So what specifically killed Into the Wild subject Christopher McCandless in the Alaskan wilderness back in 1992? In 2013, author Jon Krakauer blamed toxic seeds from the Eskimo potato plant. After the theory met with skepticism from scientists and non-scientists alike, Krakauer investigated further. His new conclusion: It was indeed those seeds, but for a different reason than he first suggested. This time, his research is backed up by a study he co-authored in the peer-reviewed journal Wilderness & Environmental Medicine, reports NPR. In 2013, Krakauer postulated that the seeds contained a toxin known as ODAP. But subsequent studies at a Michigan lab show that the seeds have a different toxin, called L-canavanine.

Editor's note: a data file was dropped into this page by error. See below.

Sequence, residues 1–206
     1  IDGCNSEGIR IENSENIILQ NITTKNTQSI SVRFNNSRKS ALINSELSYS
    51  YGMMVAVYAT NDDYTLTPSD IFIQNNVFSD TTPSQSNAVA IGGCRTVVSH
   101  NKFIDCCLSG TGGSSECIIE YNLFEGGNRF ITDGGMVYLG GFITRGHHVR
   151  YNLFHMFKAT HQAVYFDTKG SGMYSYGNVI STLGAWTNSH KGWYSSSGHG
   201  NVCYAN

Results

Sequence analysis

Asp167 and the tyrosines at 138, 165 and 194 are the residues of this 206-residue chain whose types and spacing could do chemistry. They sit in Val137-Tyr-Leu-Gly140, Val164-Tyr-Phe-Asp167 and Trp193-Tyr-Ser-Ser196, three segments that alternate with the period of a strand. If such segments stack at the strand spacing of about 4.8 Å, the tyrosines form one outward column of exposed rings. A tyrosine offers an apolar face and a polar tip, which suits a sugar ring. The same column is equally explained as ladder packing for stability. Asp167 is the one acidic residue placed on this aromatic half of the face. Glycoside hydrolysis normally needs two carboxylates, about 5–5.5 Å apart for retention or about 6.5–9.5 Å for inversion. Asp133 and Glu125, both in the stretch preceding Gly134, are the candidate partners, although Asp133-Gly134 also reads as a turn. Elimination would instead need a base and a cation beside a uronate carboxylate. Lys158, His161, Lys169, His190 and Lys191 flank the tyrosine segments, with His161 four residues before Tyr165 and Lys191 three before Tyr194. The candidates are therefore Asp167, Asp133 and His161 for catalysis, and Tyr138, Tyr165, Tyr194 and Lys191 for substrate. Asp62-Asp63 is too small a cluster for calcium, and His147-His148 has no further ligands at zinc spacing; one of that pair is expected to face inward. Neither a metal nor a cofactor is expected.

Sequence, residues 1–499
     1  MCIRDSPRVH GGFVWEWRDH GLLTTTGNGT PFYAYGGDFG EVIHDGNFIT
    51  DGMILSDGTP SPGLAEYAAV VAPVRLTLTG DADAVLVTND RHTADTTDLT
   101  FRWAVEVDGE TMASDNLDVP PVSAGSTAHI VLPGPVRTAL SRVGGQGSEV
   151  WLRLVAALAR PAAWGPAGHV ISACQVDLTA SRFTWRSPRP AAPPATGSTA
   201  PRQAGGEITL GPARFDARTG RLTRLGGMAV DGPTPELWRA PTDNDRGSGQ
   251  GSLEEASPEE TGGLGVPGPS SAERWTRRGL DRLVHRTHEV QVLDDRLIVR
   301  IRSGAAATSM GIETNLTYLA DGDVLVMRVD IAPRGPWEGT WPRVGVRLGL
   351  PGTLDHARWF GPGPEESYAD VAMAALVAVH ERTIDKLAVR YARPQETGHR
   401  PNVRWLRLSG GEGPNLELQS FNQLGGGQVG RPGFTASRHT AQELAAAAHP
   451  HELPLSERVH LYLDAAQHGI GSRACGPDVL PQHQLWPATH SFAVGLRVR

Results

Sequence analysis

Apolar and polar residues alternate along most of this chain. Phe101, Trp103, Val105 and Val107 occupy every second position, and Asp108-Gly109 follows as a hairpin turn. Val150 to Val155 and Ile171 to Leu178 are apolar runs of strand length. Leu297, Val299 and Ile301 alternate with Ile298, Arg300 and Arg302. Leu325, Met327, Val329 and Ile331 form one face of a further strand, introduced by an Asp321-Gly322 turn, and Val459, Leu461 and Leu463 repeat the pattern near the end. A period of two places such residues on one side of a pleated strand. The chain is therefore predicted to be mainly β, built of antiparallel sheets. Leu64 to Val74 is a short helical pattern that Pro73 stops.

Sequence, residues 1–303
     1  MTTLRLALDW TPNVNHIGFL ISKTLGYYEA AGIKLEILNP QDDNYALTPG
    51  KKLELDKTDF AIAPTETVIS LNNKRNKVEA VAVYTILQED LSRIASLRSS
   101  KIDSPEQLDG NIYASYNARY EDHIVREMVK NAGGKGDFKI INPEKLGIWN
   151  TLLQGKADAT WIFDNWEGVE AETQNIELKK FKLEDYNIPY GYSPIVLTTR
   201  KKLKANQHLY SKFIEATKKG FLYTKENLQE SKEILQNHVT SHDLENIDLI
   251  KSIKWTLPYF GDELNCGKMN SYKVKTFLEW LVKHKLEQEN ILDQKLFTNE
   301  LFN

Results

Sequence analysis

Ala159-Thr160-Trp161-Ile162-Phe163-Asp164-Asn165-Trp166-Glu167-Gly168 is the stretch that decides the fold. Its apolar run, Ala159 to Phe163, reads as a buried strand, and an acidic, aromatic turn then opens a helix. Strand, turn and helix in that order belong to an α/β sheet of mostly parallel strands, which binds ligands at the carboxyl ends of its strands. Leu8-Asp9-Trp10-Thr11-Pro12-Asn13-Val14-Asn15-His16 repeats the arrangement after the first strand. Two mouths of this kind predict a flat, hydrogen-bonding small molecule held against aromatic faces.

"It wreaks havoc," says Krakauer of the amino acid. "It screws up your ability to metabolize, so you essentially starve. It short-circuits your metabolism." His co-author, a biochemist, notes that a 1960 paper first identified the toxin in the plant, so their new work is more about confirmation of that finding than breaking new ground. Krakauer wrote about the update in the New Yorker, and explains why it matters: "Because many people—both admirers of McCandless and his detractors—regard Into the Wild as a cautionary tale, it’s important to know as much as possible about how McCandless actually may have died." (McCandless' sisters say abuse at home drove their brother into the wild.)